By: Lisa Dinh
Picture yourself in a small room, roughly ten by thirteen feet.
Smell: sterile, like evaporating alcohol or 8 a.m. chemistry lab.
View: white walls and laminate flooring. White crepe paper on a reclining teal seat.
Sounds: muffled voices through the walls.
Taste: your own saliva.
Touch: a little cold; a stranger’s hand.
Now picture being naked.
Naked under fluorescent lights while a metal contraption is inserted into your vagina.
Welcome to the gynecologist’s office.
Most women describe such visits as “awkward” and “uncomfortable.” And with a national average of 32.5 percent of women 18-44 years old going to the gynecologist’s office, the low proportion stacks up to the negative hype. Why do women dread going to the gynecologist?
Physicians and health practitioners now recognize the importance of women’s health. With the passing of woman’s suffrage in 1920, the nineteenth amendment declared “the right of citizens of the United States to vote shall not be denied or abridged … on account of sex .2” From 1920 onward, the opinions, and as an externality, the health of women, streamlined into public consciousness. 1921 saw the founding of the American Birth Control League, recognized today as Planned Parenthood 2. 1926 brought the first successful commercialized pad2. 1931 saw the recognition of mood shifts attributed to ovulation cycles; this is formally known as Pre-Menstrual Syndrome (PMS) 2. The 1973 Supreme Court case Roe vs. Wade gave legality to first-trimester abortions; this decision remains cause for many a politician’s headache.
Women’s sexuality is now a recognized medical topic. Today physicians recommend vibrators to provide women the know-how of reaching climax- a great step from the 1800s when only women considered hysterical were “treated” with vibrators 3. Now, on the cover of your Cosmopolitan magazine at Kroger, the words “sex” and “health issues” splay themselves alongside intimate details to anyone who cares. With this trend of open disclosure outside of a physician’s office, any discomfort within seems counterintuitive. Yet those patients braving the visit seem to be walking on eggshells when speaking to their women’s healthcare providers.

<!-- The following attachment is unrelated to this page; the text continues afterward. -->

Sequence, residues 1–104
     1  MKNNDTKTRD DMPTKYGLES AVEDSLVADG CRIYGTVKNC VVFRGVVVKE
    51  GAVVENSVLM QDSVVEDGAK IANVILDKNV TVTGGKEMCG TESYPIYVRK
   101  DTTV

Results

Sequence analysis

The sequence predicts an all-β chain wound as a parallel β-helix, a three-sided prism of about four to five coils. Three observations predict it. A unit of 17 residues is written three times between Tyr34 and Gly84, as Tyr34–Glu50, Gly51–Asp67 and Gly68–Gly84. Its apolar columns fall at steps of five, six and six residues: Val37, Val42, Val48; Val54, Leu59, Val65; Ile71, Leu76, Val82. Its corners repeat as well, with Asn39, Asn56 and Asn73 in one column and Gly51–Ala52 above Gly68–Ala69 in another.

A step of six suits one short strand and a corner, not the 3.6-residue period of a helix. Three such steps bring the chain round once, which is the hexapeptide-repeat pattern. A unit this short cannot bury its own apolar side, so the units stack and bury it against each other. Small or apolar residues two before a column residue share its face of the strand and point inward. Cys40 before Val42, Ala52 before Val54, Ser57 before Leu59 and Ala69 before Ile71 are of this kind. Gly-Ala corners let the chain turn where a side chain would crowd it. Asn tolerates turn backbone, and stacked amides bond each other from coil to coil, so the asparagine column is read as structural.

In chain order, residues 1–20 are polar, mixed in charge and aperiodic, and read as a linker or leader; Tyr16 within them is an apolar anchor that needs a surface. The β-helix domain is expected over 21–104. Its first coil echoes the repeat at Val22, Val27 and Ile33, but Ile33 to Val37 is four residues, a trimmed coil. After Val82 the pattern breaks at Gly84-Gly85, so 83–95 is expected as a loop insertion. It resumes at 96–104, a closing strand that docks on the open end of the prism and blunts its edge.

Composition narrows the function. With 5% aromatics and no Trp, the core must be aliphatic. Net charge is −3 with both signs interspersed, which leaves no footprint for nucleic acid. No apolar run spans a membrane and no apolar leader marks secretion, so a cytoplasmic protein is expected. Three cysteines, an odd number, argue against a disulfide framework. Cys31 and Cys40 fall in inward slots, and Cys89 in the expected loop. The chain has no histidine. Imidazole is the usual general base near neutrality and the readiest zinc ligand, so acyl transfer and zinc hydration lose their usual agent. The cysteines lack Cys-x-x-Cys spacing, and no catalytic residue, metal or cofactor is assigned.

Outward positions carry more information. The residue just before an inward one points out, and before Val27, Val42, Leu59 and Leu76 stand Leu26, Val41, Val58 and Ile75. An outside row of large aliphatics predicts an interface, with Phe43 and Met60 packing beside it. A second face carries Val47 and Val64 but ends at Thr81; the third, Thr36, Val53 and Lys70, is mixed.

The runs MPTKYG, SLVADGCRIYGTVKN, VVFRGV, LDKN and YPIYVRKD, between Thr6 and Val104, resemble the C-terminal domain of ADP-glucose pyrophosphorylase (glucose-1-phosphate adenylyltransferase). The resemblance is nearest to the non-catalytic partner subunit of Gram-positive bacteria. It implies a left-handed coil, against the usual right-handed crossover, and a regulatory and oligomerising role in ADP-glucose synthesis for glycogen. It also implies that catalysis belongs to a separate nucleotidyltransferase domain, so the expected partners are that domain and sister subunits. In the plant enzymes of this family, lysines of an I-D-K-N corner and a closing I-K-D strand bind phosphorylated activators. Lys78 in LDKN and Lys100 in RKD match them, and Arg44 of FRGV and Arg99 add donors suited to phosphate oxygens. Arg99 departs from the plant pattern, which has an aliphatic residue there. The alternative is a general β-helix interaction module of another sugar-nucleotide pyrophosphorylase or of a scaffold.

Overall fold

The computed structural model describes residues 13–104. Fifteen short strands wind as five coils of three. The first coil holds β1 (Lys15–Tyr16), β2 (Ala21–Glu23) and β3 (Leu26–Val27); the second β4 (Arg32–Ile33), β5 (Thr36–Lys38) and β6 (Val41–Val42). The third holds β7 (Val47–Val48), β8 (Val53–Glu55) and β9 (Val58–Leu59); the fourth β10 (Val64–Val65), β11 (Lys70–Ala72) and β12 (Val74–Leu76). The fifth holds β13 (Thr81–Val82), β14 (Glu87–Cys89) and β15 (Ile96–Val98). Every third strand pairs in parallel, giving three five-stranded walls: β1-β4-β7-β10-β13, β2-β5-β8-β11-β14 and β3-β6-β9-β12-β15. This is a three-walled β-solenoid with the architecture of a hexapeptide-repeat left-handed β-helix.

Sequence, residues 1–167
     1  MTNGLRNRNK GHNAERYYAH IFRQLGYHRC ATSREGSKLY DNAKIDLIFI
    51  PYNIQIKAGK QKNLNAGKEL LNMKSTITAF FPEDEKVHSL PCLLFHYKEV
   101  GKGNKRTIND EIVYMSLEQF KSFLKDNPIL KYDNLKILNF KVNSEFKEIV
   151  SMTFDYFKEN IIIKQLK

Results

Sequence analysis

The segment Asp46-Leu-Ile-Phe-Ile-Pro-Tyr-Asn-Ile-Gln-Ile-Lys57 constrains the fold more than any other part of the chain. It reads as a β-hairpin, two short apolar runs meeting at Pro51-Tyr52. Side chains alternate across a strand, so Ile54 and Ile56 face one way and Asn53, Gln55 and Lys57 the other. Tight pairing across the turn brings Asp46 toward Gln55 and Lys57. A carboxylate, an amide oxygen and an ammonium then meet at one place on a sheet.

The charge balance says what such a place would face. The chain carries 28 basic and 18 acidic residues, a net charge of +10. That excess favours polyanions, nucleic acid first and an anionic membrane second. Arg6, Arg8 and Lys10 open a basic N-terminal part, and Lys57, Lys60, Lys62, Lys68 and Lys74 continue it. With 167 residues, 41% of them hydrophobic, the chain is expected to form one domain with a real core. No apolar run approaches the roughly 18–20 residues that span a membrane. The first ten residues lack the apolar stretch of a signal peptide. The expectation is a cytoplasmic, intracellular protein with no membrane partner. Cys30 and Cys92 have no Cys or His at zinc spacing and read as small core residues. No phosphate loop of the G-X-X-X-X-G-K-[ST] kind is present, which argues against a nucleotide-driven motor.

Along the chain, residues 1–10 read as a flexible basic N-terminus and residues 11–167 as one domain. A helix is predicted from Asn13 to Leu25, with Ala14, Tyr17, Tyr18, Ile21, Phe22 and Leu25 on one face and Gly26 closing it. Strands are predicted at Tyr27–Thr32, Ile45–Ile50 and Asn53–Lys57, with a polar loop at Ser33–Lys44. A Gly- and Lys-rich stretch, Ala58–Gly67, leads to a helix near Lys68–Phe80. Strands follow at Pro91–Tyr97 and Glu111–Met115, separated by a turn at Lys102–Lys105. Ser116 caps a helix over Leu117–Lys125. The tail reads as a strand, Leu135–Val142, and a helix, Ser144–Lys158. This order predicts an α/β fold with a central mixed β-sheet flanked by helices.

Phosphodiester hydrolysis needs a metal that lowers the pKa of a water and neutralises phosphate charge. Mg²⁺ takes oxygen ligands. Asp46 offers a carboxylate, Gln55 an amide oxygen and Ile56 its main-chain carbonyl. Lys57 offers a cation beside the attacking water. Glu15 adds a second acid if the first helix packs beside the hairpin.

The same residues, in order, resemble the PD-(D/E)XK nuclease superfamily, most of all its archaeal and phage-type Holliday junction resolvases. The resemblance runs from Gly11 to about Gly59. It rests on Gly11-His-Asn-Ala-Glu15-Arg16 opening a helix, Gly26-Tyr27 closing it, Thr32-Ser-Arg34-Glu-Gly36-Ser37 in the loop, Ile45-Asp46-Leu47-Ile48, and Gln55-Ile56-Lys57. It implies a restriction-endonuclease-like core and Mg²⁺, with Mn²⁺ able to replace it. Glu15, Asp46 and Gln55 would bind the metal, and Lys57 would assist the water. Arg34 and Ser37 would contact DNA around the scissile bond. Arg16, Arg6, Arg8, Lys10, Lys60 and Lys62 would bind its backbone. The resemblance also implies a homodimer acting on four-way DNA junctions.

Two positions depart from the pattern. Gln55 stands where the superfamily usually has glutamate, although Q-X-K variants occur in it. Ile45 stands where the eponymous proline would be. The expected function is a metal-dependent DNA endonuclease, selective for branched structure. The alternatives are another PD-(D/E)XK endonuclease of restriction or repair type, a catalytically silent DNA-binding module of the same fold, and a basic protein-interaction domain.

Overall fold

Perhaps the root of the problem exists with the physicians. Women generally prefer female physicians to address their gynecological concerns. But a dearth of female physicians has been resolved since the mid-19th century when in 1849 Elizabeth Blackwell graduated from New York’s Geneva Medical College simultaneously ranking first in her class and becoming the first female doctor in America 2. Now, research conducted by the Health Resources and Services Administration (HRSA) in 2010-2011 shows that 85 percent of health professional degrees are held by women 4; the American Congress of Obstetricians and Gynecologists (ACOG) reports that 2009 provided 46.9 percent of female doctors in gynecology and obstetrics alone. Independent of gender, the statistics involving specialization in gynecology and obstetrics show a scarcity of professionals in the specialty. In 2010, the national ratio of ob-gyns per 10,000 women was 2.1, and 92 percent of physicians were located in metropolitan areas. With such slim selections, it’s no wonder women feel uncomfortable around their women’s health doctors. The experience must be rushed, and the narrow pool of professionals limits an individual’s ability to find their most compatible specialist.
As a career, gynecology has its quirks and perks. In 2009, CNN Money ranked a career in gynecology and obstetrics number two in highest paid careers, and twenty-two overall in their “Best Jobs” list. This ranking factors in components such as pay, job availability and growth, and quality of life. The ratings dropped in 2010 however, to fourth in pay and 100th among “Best Jobs7.” On the opposite end of the positive spectrum is the fact that 90 percent of ob-gyns have been sued at least once during their career, with an average of 2.7 claims per ob-gyn. Nearly 43 percent of ob-gyns have been sued for care provided during their residency training 7. A comparison between ob-gyn careers and Internal Medicine show that the other critical numbers: weekly work hours and years of training, don’t vary too much. The average gynecologist-obstetrician has a fifty-eight hour work week and undergoes four years of specialty training compared to fifty-five hours a week and three years in internal medicine 6.
While the overall outlook of gynecology as a physician’s specialty may not be the most lucrative, if the career really speaks to you, perhaps you’ll find yourself changing the taboo of women’s healthcare. After all, the model of “doctordom” bases itself on the simple virtue of people wanting to help those in need, and there is irrefutably a need. Perhaps if more pre-medical students took interest in going to the gyno more health-conscious women would too. It doesn’t take a rocket scientist, or even a doctor to see the causation, not correlation.